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Leaders Are Built, Not Born. Here's How to Become One

Before you grow your business, you have to grow your skill set.

By Inc.Arabia Staff
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There is no such thing as being born a leader. Leadership in itself is an unnatural act.

I've learned this after 20 years as an executive coach, and I wrote my book From Start-Up to Grown-Up so I could hand founders a playbook about leadership that would help prevent unforced errors, such as shirking structure, failing to hold people accountable, and approaching conflict too brashly. 

Here are a few pieces of leadership advice from my recent read that all founders should consider, especially when building a growing company.

Build self-awareness.

There are two aspects to self-awareness: your own internal state and how you show it to others. You need to be aware of both. In From Start-Up to Grown-Up, I share an assessment that you can use to get a handle on your natural tendencies. You can use it to rate yourself on: 

  • Communication: Do you tend to brainstorm and share all your ideas with your teams so people don't know what you actually want to do, or do you tend to say very little so that people can't read you at all?

  • Stress: Do you tend to lash out when you're feeling stressed or retreat into yourself and just work harder? 

  • Conflict: Do you boldly and bluntly address issues as soon as they arise or do you avoid saying anything and hope problems will go away?

Being at the extreme end of the spectrum in any of these areas is not ideal. This assessment helps you calibrate your behavior and see where you need to shift your style to be more effective. You can also build your self-awareness by getting 360 feedback (feedback from people all around you) from a coach or a trusted colleague to see how you show up in the eyes of others. You are the expert on your intention; everyone around you is the expert on your impact.  

For example, one of my clients learned--painfully--after getting feedback that everyone knows he's stressed because he stops talking, retreats to his computer, and issues orders by email. Once someone pointed that out to him, he realized that he was most stressed when something unexpected happened and he felt out of control. We worked together to change his go-to behavior from retreating to the computer to seeking out his executives and letting them know what he was concerned about. They could then step up to help, and my client learned how to do his real job of empowering his team rather than do everything himself.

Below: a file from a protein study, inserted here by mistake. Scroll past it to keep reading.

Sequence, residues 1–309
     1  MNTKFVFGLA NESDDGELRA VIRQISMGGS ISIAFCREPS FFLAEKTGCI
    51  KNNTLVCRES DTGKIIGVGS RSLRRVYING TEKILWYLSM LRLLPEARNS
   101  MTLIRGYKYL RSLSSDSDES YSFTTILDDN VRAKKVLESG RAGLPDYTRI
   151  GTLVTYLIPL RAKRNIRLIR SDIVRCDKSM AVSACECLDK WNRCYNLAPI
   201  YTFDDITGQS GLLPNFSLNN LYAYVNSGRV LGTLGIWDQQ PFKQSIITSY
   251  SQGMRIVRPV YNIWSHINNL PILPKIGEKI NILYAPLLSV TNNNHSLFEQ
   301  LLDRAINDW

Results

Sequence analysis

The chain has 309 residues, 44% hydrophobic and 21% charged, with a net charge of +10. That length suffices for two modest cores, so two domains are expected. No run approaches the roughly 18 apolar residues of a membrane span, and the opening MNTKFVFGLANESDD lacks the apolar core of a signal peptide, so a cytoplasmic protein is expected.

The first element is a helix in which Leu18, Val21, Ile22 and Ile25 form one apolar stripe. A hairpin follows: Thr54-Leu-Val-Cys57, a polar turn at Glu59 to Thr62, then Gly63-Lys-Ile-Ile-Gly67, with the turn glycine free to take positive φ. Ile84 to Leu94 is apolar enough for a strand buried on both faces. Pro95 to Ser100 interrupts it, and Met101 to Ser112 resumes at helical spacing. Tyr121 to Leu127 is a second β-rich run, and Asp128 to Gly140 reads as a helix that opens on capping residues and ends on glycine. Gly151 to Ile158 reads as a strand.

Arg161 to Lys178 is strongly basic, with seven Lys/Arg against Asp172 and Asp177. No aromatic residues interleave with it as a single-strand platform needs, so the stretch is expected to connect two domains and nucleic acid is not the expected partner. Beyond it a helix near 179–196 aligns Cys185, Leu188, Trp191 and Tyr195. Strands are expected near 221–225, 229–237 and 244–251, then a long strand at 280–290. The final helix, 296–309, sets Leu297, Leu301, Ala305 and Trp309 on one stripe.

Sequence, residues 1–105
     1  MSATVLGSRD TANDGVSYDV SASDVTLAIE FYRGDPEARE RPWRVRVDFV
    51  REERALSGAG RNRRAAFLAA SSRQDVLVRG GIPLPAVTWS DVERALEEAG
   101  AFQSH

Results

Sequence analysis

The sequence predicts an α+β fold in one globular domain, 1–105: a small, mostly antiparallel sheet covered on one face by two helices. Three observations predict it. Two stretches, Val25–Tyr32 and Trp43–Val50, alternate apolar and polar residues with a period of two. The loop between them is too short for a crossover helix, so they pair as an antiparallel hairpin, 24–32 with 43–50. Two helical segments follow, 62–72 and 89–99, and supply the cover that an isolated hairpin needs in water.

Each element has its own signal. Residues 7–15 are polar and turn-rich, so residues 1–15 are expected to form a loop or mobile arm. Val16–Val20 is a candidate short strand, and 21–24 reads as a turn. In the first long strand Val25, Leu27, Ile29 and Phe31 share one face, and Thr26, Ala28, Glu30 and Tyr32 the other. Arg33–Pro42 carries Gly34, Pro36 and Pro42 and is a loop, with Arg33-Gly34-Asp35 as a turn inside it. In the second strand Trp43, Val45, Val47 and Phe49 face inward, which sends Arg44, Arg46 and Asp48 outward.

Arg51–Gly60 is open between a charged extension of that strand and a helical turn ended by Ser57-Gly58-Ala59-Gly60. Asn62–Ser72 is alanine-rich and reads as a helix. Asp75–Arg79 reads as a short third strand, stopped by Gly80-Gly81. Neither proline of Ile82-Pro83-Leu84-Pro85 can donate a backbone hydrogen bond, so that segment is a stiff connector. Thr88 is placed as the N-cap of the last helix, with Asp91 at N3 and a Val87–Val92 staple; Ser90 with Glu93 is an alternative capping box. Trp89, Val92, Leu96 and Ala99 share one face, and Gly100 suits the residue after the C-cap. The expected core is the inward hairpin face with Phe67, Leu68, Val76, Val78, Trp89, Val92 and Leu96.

Hold people accountable. 

Many of the entrepreneurs I coach are squeamish about holding people accountable. When I raise the topic, their most common reaction is defensive: "You want me to fire them because they missed their target?" Of course not. There are lots of ways other than firing someone to hold them accountable and motivate them. In fact, your best people want challenging goals to shoot for. They need those goals to be clear, and they need to believe those goals contribute to a bigger purpose. 

Building a culture of accountability starts with articulating the big-picture direction, breaking that down into clear goals, and ensuring everyone has the context and resources they need. Relate to both wins and losses as an opportunity for reflection. In a learning organization, people hold each other accountable and nobody wants to let the rest of the team down. One of my clients, a hardware startup, has a cross-functional and cross-level monthly meeting at which they review the top wins and losses from the month. They call it the learning meeting. The ground rules are no blame, just facts, and every meeting ends with what everyone should "start doing, stop doing, continue doing" to upgrade the way they get work done.

Embrace structure.

Many entrepreneurs enjoy setting the vision and figuring things out on the fly. They don't like budgets, meetings, or processes. I get it. But it'll be harder to scale your company if you're constantly shooting from the hip. If you're not inclined to structure, figure out who in your company loves it -- or hire someone who does -- and encourage them to help others and create processes that make sense as you scale. 

One of my clients, the founder and CEO of a biotech startup, called himself a mad scientist. His chief people officer gave him another moniker -- crazy-making -- because he constantly came up with new ideas with no guidance or structure for how to implement them. The CEO took that to heart and hired a chief of staff. The most important criterion for that role was loving to create order out of chaos. The two of them have worked together beautifully for two years, and the company's results have improved dramatically.  

 Once you have that person, empower them and get out of the way. If you constantly allow exceptions to process, you'll teach people that they can just go around this person to you. Then you'll continue to have a free-for-all and will waste time, energy, and money -- the scarcest of resources at a startup.

You became an entrepreneur to make a dent in the universe. To do that, your company has to grow. So do you. 

Photo Credit: Getty Images.

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